Now you know why we're swimming, dancing, and celebrating with a joy-filled attitude. We're trying to enjoy the process of preparing for a test. We'll let you know how it all turns out.
Wednesday, April 28, 2010
Tuesday, April 27, 2010
What you need to do:
1. Research requirements for the colleges and community colleges in your area. Most of this information is online.
2. Find out what college entrance exams are required. Some schools look at SATs and ACTs while others accept CPT results.
3. Find out where and when the CPT is offered.
4. Know what CPT scores are needed to take courses of interest. Students must obtain minimum scores for certain classes, including math and English courses.
5. Call the dual enrollment office and ask about high school transcripts, testing deadlines, CPT refresher courses or online practice materials, course selection, registration, and online accounts (most colleges now require students to have an online account).
6. Talk to students (or their parents) who have attended the college. Ask for professor and course recommendations.
Central Florida Colleges and Universities offering Dual Enrollment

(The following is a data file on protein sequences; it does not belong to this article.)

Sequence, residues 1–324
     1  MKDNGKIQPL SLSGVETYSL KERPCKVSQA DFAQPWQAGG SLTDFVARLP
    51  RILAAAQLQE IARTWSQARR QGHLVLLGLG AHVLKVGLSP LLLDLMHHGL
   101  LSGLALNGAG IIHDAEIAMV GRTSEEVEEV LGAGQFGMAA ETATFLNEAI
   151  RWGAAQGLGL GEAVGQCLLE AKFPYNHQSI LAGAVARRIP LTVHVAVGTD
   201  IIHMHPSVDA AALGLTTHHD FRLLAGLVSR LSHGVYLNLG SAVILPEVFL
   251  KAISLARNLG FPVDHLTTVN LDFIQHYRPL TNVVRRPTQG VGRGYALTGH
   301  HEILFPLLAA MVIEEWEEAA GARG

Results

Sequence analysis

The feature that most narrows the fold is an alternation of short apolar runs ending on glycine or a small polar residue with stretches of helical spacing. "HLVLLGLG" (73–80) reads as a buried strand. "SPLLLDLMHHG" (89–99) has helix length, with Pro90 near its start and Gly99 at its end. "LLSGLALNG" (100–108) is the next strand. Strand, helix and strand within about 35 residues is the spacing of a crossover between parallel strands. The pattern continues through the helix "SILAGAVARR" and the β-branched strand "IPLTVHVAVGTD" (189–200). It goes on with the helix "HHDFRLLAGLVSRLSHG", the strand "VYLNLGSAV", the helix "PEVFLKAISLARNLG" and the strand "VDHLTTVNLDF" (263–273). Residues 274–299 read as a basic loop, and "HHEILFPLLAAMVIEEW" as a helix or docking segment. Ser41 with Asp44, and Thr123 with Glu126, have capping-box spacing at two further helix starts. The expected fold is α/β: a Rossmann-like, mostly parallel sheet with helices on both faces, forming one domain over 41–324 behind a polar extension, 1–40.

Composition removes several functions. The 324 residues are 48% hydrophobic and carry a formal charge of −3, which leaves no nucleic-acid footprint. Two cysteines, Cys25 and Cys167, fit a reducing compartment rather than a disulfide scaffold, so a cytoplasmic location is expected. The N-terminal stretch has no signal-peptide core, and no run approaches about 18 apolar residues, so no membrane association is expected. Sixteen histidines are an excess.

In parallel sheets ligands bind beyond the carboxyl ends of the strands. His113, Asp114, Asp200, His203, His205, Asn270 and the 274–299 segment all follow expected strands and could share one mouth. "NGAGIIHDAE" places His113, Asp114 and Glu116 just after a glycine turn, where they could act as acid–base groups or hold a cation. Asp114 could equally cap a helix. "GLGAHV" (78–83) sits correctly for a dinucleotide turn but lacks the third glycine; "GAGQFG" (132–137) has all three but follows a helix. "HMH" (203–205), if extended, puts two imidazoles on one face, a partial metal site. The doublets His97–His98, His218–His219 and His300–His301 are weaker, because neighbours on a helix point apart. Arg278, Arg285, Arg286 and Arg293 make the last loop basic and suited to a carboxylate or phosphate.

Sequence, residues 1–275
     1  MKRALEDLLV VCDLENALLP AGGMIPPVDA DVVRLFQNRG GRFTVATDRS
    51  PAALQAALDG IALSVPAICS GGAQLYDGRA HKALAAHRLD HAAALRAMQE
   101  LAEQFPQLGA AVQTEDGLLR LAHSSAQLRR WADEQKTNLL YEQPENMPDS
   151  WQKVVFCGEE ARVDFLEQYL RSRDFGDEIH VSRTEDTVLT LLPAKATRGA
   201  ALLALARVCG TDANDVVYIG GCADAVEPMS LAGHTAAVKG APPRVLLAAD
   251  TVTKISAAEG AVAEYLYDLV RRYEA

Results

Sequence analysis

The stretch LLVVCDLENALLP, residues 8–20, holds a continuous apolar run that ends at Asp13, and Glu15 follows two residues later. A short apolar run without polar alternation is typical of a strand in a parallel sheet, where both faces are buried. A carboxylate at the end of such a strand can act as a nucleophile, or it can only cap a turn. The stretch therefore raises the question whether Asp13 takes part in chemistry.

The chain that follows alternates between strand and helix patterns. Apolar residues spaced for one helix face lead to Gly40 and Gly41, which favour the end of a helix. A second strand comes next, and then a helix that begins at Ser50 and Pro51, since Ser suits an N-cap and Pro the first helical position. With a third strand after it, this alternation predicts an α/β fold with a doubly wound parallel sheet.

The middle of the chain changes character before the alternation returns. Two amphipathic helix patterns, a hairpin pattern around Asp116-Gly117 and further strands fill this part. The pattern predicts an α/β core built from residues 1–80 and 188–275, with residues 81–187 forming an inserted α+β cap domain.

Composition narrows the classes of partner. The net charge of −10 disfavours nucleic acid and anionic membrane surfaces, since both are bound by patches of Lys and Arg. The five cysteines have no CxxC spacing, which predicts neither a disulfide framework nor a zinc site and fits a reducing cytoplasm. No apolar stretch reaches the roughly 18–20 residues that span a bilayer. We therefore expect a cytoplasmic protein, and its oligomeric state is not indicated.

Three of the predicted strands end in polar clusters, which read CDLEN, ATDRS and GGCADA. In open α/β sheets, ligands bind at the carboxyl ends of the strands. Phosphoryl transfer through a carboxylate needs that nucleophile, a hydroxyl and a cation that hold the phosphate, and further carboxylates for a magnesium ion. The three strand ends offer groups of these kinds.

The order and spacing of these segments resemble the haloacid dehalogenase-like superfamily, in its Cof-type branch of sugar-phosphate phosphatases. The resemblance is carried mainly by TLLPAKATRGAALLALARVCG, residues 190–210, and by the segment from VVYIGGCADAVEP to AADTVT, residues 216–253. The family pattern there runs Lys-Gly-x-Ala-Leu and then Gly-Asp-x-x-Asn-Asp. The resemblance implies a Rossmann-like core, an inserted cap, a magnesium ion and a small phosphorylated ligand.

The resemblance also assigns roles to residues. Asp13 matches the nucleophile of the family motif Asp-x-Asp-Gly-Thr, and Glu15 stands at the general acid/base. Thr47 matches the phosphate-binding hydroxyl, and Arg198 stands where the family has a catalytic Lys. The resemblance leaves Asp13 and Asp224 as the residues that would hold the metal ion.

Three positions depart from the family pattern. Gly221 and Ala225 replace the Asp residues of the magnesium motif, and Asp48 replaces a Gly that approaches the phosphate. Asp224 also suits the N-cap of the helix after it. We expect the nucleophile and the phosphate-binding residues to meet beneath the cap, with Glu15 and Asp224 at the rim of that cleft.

Brevard Community College
Daytona State College
Edison State College
Hillsborough Community College
Lake-Sumter Community College
Pensacola Junior College
Polk State College
Seminole State College
Friday, February 5, 2010
Do, Learn, & Remember encourages mastery through repetition, an essential element for teaching math concepts. The completed folder’s compact, pocket-design keeps supplies and pieces safely inside and invites your child to carry learning through the day, playing and practicing again and again. This study is not a once-and-done-creation.
Do, Learn, & Remember activities offer flexibility. The unit was written for varied developmental stages and educational philosophies. Simply choose appropriate activities from the selections provided. Feel free to shorten, lengthen, substitute, or omit activities to accommodate your child’s learning needs. Web resources (marked with a computer symbol) and book suggestions are included for extended study. It is even possible to use the games and resources without constructing the activity folder.